Monday, 7 July 2014

Gentleman With Pipe

Pipe smoking is a very particular activity is it not? I haven't given it too much thought but it occurs to me that it does seem to be a thing that mostly males do. I wonder why that is?

I thought that I was going to have to look elsewhere for an image to join in with Sepia Saturday (on a Monday) this week or opt out altogether as I've realised that I have a pretty limited photo collection and frequently come across photographs from other sources that are far more interesting than those I do have. Fortunately, though, this photo-on-a-postcard (date unknown - 1940's perhaps) of my great grandfather with - hoorah - a pipe, was sitting on the sideboard and fitted at least a part of the brief.

I don't know much about Harry, above, apart from the fact that he was devoted to his wife, Maude, who predeceased him. As a widower he lived with his daughter and two granddaughters in Cornwall. I remember my mum telling me that he was a lovely grandfather and that when she was little he used to pay her thruppence for darning the holes in his socks. The other detail I know about him is that on his daughter's marriage certificate his occupation is described as 'Gentleman'. What that means I'm not sure. Anyway, I'm quite drawn to his 'look' - the plus twos, thick walking socks, tie, jumper and tweed jacket - as it's quite distinctive.

There are quite a few sayings which refer to being a gentleman or the qualities of being gentlemanly - although I appreciate that the concept of both might seem a little out of date to some - but the following one seemed a fair one to quote: 'To be born a gentleman is an accident. To die a gentleman is an achievment.'

Saturday, 28 June 2014

Tower Beach

I was a little stumped by this week's Sepia Saturday brief and couldn't find anything decent in the family albums. Luckily I remembered I'd seen some images online some time ago of the remarkable sandy beach that was created on the banks of the Thames about a mile and a bit away from where I live.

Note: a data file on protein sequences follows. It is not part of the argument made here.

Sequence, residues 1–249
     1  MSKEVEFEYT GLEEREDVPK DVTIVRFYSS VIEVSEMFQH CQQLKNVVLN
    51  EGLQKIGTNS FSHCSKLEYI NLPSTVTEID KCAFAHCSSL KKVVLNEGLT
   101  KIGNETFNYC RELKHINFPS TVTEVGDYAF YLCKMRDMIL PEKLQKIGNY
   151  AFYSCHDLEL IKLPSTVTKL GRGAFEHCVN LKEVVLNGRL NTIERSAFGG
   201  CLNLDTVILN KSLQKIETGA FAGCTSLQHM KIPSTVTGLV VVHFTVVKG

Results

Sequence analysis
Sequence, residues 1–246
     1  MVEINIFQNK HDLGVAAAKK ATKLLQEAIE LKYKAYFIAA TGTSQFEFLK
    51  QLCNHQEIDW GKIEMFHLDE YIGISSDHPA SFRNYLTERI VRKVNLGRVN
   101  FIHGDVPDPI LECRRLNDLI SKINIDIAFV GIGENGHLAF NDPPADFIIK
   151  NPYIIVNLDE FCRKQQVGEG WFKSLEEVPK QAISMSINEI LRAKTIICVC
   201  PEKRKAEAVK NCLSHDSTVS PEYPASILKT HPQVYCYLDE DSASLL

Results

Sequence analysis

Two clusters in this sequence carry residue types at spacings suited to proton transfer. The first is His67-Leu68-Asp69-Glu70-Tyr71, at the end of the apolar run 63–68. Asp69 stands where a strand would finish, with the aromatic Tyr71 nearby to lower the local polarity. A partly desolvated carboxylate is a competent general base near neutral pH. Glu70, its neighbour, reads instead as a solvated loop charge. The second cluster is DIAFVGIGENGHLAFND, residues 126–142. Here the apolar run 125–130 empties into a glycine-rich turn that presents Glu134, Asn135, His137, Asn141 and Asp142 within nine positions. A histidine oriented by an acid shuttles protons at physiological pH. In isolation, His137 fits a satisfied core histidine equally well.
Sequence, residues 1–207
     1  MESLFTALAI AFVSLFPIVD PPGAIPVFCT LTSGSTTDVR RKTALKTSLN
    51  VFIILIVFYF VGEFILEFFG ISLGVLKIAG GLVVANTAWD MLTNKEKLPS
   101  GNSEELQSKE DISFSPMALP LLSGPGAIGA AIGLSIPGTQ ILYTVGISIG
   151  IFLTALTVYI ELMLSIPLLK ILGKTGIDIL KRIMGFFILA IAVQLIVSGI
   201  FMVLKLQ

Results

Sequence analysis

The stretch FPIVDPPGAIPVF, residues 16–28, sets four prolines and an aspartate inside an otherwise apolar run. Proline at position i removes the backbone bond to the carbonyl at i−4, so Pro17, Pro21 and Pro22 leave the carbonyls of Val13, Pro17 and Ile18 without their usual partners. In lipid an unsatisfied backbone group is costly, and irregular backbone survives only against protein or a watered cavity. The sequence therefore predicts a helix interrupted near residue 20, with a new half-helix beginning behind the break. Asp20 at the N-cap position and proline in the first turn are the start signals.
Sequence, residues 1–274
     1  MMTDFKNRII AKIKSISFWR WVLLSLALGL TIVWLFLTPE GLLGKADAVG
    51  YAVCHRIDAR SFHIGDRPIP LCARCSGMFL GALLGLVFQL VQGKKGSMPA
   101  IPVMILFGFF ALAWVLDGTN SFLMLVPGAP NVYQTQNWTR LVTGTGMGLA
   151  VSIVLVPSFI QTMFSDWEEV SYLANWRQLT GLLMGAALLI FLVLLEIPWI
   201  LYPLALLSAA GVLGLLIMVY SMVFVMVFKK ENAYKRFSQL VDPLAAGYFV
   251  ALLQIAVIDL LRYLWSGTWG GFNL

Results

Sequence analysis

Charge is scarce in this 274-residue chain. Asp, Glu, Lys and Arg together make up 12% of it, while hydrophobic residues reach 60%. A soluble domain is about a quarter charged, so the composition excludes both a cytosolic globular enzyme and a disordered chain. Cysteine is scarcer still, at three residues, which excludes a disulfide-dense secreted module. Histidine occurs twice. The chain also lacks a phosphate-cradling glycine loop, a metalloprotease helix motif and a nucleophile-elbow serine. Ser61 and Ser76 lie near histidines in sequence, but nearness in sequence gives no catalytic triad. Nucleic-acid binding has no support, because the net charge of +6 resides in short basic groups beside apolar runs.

Tower Beach, on the foreshore just below the Tower of London, was opened in July 1934 and was made by heaping fifteen hundred barge-loads of sand on to the banks of the river Thames between St.Katherine's Steps and the Tower.

It was the idea of The Tower Hill Improvement Trust and was intended for those who could not afford a seaside holiday - something that was considered a luxury for many of those who lived near to this part of the river.

Between 1934 and 1939 more than half a million people used the 'beach' for building sandcastles or relaxing in a deckchair and could paddle or swim in the 'sea'. It was even possible to rent a rowing boat. Although the beach was shut during World War II, it was reopened in the 1950's but closed permanently in 1971 when worries about both river pollution and safety became a concern.

Photos: HRP

Sunday, 22 June 2014

Wedding Guests in London

For Sepia Saturday's wedding theme I've posted (a bit late) a photo from the 1960s by the Ghanaian photographer James Barnor called 'Wedding Guests in London' which is in the collections at the V&A.

Apart from the two ladies' elegant outfits and beautifully styled hair - not to mention the very feminine way in which they are posing - these two guests could probably be anywhere in the world, were it not for the distinctive but slightly incongruous looking telephone box in the background.

Image Source: V&A

Friday, 20 June 2014

Documents and Envelopes